St. John's church is an elegant structure, built by subscription, at a cost of £6,000, and consecrated October 21st, 1841; it bas 850 sittings, half of which are free. The living is a perpetual curacy, endowed by the Marquis of Bristol and Earl Jermyn with £100 per annum out of land at Little Saxham; the Bishop of Ely is patron, and the Rev. Robert Rashdall, M.A., of Corpus Christi College, Cambridge, incumbent.
St. Peter's is a new church: a sum of £3,000 was presented by an unknown friend towards its construction, and the site upon which it is erected was given by the Marquis of Bristol.
A Roman Catholic chapel, dedicated to St. Edmund, was erected here in 1837, from designs by C. Day.
The Grammar school, in Northgate-street, was founded by King Edward VI.,and is well endowed.
The Norman tower of the Abbey, erected in the reign of William the Conqueror, and now forming the grand entrance of the churchyard of the two churches, St. James and St. Mary, to the former of which it serves as the bell tower, is considered one of the purest and most perfect specimens of Norman architecture in Europe, and has undergone a complete repair, under the superintendence of Mr. Cottingham, at an estimated cost of £3,000, contributed by the parish and by public subscription.
King Edward IV. founded a college of priests in College street, and the building is now occupied as a workhouse.
There were formerly several hospitals in the town, the principal of which are God's House, at Southgate, dedicated to St. John the Evangelist: St. Nicholas's Hospital, at Eastgate, near the roads leading to Ixworth and Fornham, founded by one of the abbots of Bury; the extensive remains of the hospital and chapel form the principal part of a house: St. Saviour's Hospital, founded by Abbot Sampson, belongs to St. John's College, Cambridge. Without Risby Gate stood an hospital dedicated to St. Peter, founded by Abbot Anselm in the reign of Henry I. In the wall forming the eastern boundary of the Abbey precinct are some arches, commonly known by the name of "The Abbot's Bridge," which seem intended to form an occasional foot-bridge, by means of planks laid from buttress to buttress, through which there are passages, the greatest distance being about 24 feet. There are many other vestiges of ancient structures, of considerable interest from their antiquity and historical association.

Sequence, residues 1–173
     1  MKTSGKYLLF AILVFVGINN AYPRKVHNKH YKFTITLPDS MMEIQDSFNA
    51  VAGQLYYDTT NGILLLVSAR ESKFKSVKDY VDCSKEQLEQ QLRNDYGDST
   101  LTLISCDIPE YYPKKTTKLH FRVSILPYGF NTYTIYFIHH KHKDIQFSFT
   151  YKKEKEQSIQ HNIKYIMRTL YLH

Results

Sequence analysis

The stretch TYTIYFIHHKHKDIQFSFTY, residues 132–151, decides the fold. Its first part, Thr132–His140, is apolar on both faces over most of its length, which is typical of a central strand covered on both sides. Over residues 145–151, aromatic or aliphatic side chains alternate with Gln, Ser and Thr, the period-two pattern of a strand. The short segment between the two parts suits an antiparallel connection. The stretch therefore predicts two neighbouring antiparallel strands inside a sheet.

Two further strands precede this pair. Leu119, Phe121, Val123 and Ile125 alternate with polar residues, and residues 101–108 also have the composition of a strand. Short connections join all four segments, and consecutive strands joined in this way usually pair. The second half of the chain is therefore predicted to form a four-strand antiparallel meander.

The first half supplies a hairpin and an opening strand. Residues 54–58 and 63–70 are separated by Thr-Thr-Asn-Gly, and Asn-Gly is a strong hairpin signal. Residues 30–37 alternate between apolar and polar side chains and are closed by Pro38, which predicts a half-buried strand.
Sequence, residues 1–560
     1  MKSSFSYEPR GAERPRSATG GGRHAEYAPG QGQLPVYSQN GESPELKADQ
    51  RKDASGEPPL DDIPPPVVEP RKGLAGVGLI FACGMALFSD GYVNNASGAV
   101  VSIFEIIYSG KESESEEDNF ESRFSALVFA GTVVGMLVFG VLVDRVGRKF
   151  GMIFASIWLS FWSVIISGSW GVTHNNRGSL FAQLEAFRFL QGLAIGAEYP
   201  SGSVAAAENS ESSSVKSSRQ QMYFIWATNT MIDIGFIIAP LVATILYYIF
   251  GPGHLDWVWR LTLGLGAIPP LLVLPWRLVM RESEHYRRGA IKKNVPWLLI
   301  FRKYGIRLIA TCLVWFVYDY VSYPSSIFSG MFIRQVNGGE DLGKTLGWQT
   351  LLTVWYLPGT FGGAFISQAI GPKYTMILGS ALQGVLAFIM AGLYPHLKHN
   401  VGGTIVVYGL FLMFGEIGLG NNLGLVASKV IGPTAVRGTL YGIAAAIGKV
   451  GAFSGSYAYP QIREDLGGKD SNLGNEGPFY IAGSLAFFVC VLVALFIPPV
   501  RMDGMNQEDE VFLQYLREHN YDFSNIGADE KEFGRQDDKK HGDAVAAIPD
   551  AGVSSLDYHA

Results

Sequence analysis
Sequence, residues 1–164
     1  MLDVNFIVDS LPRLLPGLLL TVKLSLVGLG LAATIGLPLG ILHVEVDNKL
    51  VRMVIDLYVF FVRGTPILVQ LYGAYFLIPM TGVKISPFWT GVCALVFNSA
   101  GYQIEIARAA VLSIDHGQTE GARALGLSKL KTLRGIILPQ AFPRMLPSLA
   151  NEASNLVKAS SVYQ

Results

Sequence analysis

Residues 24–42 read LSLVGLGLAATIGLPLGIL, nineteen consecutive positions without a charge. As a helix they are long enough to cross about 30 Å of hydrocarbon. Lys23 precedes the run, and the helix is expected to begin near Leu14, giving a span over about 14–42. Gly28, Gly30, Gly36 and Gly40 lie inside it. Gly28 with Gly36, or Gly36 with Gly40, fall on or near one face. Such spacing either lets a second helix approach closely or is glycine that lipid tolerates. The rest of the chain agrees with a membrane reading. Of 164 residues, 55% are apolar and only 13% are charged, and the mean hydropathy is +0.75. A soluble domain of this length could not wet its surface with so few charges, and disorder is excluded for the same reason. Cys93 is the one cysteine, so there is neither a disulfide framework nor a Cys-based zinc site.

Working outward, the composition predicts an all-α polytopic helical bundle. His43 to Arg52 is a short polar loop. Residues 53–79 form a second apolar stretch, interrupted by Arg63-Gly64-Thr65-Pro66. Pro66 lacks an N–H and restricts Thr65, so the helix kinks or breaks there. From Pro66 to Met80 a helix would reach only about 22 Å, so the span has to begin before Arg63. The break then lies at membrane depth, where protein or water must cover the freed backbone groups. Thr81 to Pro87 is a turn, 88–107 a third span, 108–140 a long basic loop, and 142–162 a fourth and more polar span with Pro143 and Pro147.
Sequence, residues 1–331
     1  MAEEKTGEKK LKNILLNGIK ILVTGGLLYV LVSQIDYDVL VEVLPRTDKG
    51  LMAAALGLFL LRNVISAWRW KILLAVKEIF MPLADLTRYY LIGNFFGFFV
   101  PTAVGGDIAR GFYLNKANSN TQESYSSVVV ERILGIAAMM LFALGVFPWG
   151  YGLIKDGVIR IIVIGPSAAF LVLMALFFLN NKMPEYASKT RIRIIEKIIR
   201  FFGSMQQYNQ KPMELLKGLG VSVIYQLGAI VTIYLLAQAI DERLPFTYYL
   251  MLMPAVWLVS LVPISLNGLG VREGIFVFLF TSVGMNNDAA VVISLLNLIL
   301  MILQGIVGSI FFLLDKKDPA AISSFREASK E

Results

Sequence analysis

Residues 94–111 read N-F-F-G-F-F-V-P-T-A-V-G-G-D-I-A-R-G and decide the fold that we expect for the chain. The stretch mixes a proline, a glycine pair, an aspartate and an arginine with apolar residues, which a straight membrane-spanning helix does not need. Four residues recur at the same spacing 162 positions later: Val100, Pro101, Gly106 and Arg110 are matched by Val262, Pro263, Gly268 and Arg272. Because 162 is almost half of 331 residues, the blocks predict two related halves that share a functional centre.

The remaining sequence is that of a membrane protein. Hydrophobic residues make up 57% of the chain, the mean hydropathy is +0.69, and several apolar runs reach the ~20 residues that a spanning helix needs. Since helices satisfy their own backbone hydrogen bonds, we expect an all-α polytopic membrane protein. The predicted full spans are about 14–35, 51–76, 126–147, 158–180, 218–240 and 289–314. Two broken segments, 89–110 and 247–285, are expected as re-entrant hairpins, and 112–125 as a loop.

The Shire Hall is a modem erection, in the Churchyard, and comprises two convenient courts for the trial of civil and criminal causes.
The Guildhall is used as a county court, and the transaction of the general business of the borough; it is vested in the trustees of the Guildhall feoffment, by whom it is kept in repair, and by whose liberality one wing is devoted to the use of the West Suffolk library, founded 1st November, 1846, and contains 7,000 volumes; it has an ancient porch, and some portraits of local worthies.
The County Gaol, which serves also for the borough and the liberty of St. Edmund, is an extensive building at Southgate: it was erected in 1803 at an expense of £30,000, and is calculated to contain 143 prisoners, with a separate bed for each.
The Police Station is a fine specimen of a Norman house: the age of its erection is obvious, from its general appearance and circular windows.
The Theatre, a neat structure, in Westgate-street, was opened for dramatic performances, October, 1819.